submitted by Dr. Michael Spadafora, D.D.S., Bucks County Dental Design, buckscountydentaldesign.com
Being six-years-old is very exciting – kindergarten or first grade, school busses, and new friends are all part of the six-year-old experience. Another exciting aspect of being six is the first lost baby tooth and a visit from the tooth fairy.
Primary (baby) teeth play an important role in a person’s dental health. The primary tooth holds the spot open for the eruption of the permanent tooth. This place holding function is the reason dentists are so focused on treating decay in a baby tooth. When a primary tooth is removed the remaining teeth shift, often reducing the open space. This causes problems when the new tooth arrives.
When a child reaches the age of six, the roots of the primary teeth start to dissolve due to the arrival of the permanent teeth. The primary tooth becomes loose and you can often see the permanent tooth right behind it. This happens first in the lower front teeth, followed by the upper front teeth, and then finally in the back teeth. The whole process goes from the age of 6-7 to 11-12 and rarely causes any dental issues.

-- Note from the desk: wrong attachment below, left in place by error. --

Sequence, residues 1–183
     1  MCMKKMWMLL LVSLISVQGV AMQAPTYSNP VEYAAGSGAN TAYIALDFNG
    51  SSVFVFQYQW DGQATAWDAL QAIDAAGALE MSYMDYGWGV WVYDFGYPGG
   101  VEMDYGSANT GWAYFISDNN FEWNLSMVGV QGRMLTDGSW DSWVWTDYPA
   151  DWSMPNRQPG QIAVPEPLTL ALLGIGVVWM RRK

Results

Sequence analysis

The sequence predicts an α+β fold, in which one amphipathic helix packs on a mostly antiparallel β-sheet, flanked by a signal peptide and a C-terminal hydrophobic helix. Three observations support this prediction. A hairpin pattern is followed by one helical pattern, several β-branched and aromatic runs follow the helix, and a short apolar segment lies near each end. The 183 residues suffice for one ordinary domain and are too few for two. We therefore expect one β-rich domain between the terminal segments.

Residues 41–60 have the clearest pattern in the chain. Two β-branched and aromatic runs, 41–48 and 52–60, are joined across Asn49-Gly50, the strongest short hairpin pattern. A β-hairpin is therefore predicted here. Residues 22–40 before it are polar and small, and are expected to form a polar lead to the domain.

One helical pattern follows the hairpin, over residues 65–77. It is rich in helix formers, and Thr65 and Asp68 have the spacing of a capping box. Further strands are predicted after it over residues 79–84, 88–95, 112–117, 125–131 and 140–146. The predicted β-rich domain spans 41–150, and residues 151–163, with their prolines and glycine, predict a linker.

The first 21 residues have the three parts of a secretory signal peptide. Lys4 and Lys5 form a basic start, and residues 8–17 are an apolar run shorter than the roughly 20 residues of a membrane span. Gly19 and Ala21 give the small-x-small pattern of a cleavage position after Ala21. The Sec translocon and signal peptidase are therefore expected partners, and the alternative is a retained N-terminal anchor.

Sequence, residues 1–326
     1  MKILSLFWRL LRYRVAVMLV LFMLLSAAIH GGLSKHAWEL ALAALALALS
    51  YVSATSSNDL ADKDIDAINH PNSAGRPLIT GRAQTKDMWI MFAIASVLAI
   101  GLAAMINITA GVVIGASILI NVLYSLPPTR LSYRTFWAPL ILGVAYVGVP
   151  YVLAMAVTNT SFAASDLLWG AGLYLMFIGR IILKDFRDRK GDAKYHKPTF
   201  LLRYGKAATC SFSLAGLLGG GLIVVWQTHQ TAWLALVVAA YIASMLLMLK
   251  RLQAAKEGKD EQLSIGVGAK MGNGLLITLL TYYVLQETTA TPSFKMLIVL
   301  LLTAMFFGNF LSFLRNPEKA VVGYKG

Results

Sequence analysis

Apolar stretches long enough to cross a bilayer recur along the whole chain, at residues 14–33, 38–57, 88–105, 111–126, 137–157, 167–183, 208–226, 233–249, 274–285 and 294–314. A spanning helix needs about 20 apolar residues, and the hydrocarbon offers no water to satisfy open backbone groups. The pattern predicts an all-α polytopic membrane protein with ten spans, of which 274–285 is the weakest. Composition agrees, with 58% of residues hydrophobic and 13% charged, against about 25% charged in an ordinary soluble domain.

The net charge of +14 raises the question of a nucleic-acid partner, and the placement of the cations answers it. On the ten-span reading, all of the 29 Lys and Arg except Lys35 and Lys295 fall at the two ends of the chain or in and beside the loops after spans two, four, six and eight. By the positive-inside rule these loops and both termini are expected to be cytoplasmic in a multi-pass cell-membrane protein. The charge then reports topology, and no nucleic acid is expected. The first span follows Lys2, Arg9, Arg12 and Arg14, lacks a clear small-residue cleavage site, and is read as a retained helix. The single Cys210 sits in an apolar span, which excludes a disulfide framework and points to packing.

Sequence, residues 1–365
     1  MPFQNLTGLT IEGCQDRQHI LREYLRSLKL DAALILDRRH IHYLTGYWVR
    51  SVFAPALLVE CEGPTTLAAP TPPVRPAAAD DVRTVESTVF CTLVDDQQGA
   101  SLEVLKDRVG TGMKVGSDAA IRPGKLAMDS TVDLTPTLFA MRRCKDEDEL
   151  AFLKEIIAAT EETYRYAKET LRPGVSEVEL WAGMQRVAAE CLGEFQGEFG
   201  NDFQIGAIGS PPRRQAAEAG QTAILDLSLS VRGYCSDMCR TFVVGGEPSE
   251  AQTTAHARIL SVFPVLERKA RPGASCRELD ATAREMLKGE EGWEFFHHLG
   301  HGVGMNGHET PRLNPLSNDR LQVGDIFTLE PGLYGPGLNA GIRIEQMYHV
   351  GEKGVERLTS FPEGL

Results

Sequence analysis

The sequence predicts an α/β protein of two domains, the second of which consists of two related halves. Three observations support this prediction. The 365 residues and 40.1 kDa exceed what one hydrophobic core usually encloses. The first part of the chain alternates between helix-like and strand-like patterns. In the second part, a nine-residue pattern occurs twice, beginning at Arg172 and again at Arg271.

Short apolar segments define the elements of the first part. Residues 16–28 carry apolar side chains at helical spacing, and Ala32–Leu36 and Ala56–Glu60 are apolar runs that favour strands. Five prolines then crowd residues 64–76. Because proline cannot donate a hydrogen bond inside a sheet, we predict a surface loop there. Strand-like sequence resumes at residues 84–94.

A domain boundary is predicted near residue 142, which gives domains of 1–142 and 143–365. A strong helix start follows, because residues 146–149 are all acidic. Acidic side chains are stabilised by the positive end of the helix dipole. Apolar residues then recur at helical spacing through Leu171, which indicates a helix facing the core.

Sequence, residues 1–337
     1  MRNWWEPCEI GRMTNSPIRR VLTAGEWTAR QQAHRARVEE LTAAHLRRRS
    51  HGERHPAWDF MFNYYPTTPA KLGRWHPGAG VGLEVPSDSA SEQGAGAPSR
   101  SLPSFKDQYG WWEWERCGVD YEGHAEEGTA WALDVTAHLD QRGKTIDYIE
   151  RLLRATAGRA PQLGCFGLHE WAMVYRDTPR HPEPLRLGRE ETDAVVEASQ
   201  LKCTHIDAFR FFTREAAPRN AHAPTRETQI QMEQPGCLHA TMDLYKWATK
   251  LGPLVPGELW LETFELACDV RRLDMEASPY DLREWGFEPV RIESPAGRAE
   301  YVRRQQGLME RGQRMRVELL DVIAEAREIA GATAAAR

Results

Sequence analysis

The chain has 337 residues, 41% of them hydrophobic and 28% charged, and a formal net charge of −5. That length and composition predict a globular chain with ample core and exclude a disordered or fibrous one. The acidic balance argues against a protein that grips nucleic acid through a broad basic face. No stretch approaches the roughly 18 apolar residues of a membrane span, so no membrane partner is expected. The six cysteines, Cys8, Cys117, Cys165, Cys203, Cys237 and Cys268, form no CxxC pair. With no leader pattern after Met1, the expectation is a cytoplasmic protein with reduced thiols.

The role of the dentist in the process is simple. When parents are concerned that the teeth are not coming in correctly a short exam by the dentist can reassure them that these issues usually correct themselves. On rare occasions a dentist (sometimes referring the child to an orthodontist or pediatric dentist) may have to intervene to get the permanent teeth in proper position.
A couple more points – in case a tooth becomes lost (and this does happen!) the tooth fairy does accept a parent’s letter explaining the issue. Occasionally the tooth fairy misses her evening rounds. This is not a problem – she always shows up the next night. Finally, the word in dental circles is that the tooth fairy has been affected by inflation – baby teeth are commanding more money than ever before!